This afternoon I finished the first draft of a new Creature Type System, which I hope to use to define everything that appears in a game from here on out. I was previously using a Creature Type System that featured five types — mortals, undead, aliens, demons, and golems — but the system ultimately proved to be too limited.

The new system draws inspiration from biology, mythology, and other game systems, and incorporates many creatures that I imagine a typical player might either use or encounter throughout their career. Though the original system neglected gods and eldritch abominations, the new one specifically leaves them “undefined.”

There are a number reasons for defining creature types for use by players and game masters, and those mostly fall under the purview of player options and ease of use. First of all, everyone in a roleplaying game is a player, including the game master. It isn’t fun for options to only be available on one side of the DM screen or the other.

It’s one thing for monsters to use different rules than the player characters — I got into the habit over the last few years of reassuring players the fact that “Monsters cheat.” Part of that is a necessary evil. It’s difficult for the game master to effectively control monsters as masterfully as the players, and many shortcuts exist for this reason.

Also, monsters exist to challenge the players to think “in character,” not to mention “outside the box.” A monster represents an obstacle, or a problem for the players to overcome with their characters. That said, monsters are a part of the world and must act in a consistent (if occasionally predictable) way that players can recognize.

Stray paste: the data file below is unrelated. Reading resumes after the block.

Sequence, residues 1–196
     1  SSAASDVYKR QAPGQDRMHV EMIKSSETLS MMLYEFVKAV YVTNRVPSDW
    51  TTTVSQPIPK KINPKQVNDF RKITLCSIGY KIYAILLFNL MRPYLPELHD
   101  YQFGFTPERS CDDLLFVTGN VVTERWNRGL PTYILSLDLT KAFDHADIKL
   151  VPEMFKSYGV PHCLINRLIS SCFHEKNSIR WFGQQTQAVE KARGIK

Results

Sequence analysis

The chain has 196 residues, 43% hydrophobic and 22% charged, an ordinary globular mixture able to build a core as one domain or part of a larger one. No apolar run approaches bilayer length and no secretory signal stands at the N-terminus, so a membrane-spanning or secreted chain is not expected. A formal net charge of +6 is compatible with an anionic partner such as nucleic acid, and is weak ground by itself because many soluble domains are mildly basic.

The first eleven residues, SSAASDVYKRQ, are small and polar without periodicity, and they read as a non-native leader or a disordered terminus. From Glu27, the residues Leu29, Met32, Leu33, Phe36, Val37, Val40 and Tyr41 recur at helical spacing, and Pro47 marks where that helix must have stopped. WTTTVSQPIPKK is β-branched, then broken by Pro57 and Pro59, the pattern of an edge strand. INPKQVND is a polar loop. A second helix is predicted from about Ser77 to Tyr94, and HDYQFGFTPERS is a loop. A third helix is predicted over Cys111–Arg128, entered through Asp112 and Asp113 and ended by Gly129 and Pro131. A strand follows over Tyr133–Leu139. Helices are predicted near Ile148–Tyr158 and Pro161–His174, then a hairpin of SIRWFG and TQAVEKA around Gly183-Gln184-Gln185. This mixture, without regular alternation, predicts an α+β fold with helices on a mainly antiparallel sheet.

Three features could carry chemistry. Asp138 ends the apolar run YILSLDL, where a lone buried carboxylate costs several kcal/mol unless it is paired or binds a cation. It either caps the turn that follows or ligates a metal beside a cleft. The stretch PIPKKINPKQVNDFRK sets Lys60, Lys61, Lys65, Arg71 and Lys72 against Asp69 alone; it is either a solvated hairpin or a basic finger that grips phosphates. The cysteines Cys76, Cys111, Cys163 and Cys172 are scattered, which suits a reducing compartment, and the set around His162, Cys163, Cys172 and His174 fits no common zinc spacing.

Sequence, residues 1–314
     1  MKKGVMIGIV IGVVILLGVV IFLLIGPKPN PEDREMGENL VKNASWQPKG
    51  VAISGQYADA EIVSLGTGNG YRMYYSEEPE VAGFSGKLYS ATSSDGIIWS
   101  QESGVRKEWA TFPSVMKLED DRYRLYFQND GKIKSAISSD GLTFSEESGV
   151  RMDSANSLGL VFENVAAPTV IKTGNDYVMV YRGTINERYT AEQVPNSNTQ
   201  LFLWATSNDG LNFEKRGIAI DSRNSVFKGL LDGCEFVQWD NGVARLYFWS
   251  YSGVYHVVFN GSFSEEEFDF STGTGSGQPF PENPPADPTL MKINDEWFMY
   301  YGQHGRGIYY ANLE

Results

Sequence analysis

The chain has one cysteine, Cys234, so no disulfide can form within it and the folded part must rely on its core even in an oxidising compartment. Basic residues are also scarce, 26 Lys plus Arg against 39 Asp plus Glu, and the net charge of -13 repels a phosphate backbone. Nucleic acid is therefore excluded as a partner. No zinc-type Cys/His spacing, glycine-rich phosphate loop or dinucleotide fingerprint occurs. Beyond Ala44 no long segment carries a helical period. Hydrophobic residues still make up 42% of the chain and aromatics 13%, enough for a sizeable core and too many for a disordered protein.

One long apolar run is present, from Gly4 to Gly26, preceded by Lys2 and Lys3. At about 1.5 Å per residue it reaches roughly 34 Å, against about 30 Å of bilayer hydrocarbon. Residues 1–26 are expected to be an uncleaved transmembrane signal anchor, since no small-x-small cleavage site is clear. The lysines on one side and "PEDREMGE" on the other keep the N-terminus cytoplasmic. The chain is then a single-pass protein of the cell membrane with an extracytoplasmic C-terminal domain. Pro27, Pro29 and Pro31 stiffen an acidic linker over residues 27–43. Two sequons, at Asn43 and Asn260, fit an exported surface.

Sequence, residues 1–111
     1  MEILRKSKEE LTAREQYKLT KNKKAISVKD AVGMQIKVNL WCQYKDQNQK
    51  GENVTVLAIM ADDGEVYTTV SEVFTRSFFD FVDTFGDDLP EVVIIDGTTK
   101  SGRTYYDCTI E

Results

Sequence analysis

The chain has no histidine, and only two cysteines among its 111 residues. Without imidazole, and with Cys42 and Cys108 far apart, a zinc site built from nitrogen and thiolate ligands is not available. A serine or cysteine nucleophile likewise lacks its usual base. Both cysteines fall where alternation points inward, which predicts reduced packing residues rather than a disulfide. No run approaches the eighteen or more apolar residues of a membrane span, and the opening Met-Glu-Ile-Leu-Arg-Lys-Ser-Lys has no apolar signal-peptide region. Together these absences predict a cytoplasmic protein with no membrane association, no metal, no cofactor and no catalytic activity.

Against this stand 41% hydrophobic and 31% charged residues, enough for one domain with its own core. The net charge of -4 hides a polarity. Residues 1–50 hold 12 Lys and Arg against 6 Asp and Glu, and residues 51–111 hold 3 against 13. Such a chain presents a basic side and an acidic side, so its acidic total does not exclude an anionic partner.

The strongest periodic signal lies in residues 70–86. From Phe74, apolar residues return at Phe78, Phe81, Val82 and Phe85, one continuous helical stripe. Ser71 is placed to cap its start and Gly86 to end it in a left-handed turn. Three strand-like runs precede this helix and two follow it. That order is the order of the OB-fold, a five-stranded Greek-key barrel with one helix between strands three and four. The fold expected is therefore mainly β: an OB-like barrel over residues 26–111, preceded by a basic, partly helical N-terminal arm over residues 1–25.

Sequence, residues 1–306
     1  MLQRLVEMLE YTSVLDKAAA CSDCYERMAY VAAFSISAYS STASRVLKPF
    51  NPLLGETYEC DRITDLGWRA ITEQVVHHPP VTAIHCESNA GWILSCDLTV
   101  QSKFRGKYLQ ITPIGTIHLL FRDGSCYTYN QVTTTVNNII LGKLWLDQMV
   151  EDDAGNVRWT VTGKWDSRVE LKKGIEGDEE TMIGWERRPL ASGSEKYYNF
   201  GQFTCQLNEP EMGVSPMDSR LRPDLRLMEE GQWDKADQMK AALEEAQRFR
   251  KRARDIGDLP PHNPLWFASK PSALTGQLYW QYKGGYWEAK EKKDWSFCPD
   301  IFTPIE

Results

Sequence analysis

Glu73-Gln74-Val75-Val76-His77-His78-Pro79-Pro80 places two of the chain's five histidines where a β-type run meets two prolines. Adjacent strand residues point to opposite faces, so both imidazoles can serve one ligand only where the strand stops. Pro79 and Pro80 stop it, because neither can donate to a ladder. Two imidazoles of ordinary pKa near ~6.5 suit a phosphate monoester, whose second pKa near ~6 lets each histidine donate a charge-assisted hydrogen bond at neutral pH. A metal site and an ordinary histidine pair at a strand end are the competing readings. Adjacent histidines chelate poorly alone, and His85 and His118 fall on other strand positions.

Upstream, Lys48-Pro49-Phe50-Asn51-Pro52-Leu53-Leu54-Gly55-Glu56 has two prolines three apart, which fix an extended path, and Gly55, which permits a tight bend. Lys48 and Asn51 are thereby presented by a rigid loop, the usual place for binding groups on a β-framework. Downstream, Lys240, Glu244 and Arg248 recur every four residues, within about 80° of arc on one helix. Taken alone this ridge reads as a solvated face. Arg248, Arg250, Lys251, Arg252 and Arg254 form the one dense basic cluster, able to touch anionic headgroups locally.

Ease of use comes into play when you talk about supernatural effects like “charm mortal,” or “summon fiend.” I remember perusing the list for a ranger’s “favored enemy” in Third Edition and being astonished that humans and elves were treated anatomically distinct, while beholders and mind flayers were culturally similar.

While you can’t really fix problems like the above (favored enemy needs an overhaul), you can certainly make things easier on people.

Creature Types:
Golem, Spirit, Undead
Archon, Fiend, Giant, Mortal
Beast, Dragon, Fungus, Plant, Raptor

When I came up with the types, I started with a basic dichotomy around which to base creatures — living and unliving. I came up with two unliving creature types first, construct (golem) and undead. I went back and added spirit later (though whether or not spirits should be considered “unliving” is completely different conversation).

The creature types beast, dragon, fungus, plant, and raptor are informed by my research into biological classification – I took some artistic liberties with some of the creatures, merging certain categories that don’t represent “obviously” dangerous creatures, with respect to a classical understanding of biology.